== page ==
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Arthur K. Wheelock Jr., “Gerret Willemsz Heda/Still Life with Ham/1650,” Dutch Paintings of the Seventeenth Century, NGA Online Editions, (accessed July 21, 2024).

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Thu Apr 24 00:00:00 EDT 2014 Version
Sun Jan 01 00:00:00 EST 1995 Version

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The array of objects in this tabletop still life by Gerret Willemsz Heda, including an elaborate salt cellar, a pewter pitcher, a tall fluted glass, and the prominent ham, evokes the prosperity the Dutch enjoyed around the middle of the seventeenth century. The white linen tablecloth is crumpled so that various objects nestle in its folds, which allows the artist to show off his skill in depicting drapery and the sheen of linen through varied effects of light and shade. The partially consumed food and drinks and the disarray of the cloth give the impression that people have just stepped away from the table.

Gerret was the son and pupil of the great still-life master Willem Claesz Heda (1594-1680). In his choice of subject matter, style, and ability, Gerret compares sufficiently close to his father that it is not always easy to distinguish between the two. Still Life with Ham, signed and dated "HEDA 1650," initially entered the National Gallery’s collection as a work by Willem, but subtle differences in style and concept point to the talented hand of Gerret. Still Life with Ham ranks among Gerret’s finest works.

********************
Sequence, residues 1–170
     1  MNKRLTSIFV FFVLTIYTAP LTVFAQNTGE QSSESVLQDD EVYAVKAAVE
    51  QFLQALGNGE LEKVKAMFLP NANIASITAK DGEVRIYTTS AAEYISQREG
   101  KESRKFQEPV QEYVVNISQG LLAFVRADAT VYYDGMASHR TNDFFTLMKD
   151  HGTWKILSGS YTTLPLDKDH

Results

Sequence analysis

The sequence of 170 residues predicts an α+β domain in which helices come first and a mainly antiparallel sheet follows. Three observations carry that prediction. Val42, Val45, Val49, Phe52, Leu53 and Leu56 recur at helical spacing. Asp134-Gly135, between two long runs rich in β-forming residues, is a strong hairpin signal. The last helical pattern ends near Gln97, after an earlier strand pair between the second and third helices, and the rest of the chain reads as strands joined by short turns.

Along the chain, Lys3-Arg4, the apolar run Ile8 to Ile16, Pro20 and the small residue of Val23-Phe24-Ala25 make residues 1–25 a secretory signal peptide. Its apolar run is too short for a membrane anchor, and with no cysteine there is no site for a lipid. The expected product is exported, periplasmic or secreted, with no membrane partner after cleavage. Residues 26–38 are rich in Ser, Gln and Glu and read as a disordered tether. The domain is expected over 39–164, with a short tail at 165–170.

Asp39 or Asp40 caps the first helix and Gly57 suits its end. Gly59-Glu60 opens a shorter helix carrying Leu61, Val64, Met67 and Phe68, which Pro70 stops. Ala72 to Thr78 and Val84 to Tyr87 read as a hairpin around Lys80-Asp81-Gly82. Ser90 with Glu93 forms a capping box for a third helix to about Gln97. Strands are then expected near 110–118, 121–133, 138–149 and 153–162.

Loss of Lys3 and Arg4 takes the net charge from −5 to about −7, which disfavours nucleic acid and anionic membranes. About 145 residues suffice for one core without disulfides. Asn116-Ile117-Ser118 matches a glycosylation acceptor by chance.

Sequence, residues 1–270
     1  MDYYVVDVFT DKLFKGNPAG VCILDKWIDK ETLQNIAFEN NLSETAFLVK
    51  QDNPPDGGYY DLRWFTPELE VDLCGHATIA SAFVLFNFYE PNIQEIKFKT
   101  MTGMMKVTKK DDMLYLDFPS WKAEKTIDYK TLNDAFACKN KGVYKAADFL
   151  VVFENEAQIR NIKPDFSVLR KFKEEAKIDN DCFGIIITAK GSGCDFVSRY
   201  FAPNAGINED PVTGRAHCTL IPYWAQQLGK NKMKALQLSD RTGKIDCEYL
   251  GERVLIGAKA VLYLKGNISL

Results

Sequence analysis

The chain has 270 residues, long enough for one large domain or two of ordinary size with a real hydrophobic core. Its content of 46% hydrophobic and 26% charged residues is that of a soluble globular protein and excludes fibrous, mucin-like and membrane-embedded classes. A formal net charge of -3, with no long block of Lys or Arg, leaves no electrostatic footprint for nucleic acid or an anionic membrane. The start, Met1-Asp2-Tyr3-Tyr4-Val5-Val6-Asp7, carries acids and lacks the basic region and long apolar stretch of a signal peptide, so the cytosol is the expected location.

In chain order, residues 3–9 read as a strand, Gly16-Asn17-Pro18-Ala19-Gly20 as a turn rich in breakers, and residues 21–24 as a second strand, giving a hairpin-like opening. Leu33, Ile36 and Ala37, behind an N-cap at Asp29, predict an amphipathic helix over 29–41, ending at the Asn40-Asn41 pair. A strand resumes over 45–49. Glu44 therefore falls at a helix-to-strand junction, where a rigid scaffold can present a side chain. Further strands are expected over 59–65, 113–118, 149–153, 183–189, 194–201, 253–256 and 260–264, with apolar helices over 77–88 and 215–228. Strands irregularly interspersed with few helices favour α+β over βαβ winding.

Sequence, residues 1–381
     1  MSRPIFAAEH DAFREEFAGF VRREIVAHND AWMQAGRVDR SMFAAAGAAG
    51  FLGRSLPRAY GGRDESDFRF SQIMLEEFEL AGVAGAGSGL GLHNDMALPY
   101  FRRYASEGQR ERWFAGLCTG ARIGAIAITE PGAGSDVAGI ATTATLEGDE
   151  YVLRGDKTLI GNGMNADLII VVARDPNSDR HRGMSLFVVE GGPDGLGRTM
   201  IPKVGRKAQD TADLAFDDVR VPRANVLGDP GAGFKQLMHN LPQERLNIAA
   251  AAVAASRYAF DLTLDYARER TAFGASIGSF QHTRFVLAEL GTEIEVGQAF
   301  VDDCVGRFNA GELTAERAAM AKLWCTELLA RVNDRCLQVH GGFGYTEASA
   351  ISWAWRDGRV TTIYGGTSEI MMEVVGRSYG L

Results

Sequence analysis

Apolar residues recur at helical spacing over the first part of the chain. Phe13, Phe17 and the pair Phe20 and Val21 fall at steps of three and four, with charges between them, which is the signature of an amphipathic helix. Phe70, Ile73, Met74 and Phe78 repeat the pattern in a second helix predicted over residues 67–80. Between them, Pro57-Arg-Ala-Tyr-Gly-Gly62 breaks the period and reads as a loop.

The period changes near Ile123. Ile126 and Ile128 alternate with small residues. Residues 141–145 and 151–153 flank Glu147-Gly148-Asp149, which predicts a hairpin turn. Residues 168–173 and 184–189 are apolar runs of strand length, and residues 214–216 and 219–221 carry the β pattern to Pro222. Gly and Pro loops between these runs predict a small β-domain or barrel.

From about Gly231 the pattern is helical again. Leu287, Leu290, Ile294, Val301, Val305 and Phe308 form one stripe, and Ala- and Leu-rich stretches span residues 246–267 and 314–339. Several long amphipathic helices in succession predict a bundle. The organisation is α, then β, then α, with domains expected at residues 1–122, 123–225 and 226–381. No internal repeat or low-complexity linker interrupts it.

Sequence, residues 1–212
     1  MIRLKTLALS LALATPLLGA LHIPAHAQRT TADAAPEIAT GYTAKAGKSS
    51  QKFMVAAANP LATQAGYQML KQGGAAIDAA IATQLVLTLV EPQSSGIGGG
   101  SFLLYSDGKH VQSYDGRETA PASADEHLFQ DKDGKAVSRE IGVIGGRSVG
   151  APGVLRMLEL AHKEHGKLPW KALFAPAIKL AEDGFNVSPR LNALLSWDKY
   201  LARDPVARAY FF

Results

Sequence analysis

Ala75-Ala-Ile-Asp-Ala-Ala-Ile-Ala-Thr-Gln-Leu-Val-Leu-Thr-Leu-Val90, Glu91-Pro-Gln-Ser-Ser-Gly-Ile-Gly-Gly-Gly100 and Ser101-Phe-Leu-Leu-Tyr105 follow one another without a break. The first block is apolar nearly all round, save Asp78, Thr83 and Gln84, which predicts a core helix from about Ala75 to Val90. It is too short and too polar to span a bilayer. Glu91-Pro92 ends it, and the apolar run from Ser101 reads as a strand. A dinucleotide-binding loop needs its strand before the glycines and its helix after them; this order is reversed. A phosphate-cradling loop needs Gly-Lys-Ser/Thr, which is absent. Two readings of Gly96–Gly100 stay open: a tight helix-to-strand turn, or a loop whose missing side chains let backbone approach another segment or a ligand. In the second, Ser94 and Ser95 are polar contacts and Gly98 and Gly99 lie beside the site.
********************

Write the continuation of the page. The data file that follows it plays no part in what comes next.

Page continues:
This impressive still life, signed and dated “Heda 1650” at the lower right edge of the white tablecloth, came to the National Gallery of Art in 1985 as a work by Willem Claesz Heda (Dutch, 1594 - 1680). Despite its high quality and the many similarities to paintings by Willem Claesz Heda, subtle differences in style and concept pointed to the hand of that artist’s talented son Gerret Heda. The attribution was subsequently changed, with the realization that Gerret, who emulated his father’s style, may well have worked with the elder Heda to produce generic “Heda” paintings for the open market. Complicating such an attribution is the assumption, occasionally found in the literature, that Gerret Heda is the unnamed son of Willem Claesz Heda who died in 1649, a year before this painting was executed.[1] No compelling documentary reason, however, exists for accepting this assumption. Stylistic similarities between signed Gerret Heda paintings from the 1640s and “Heda” still lifes from the 1650s, moreover, are so striking that it must be assumed that Gerret not only remained alive, but was active for at least ten years after this purported death date.[2]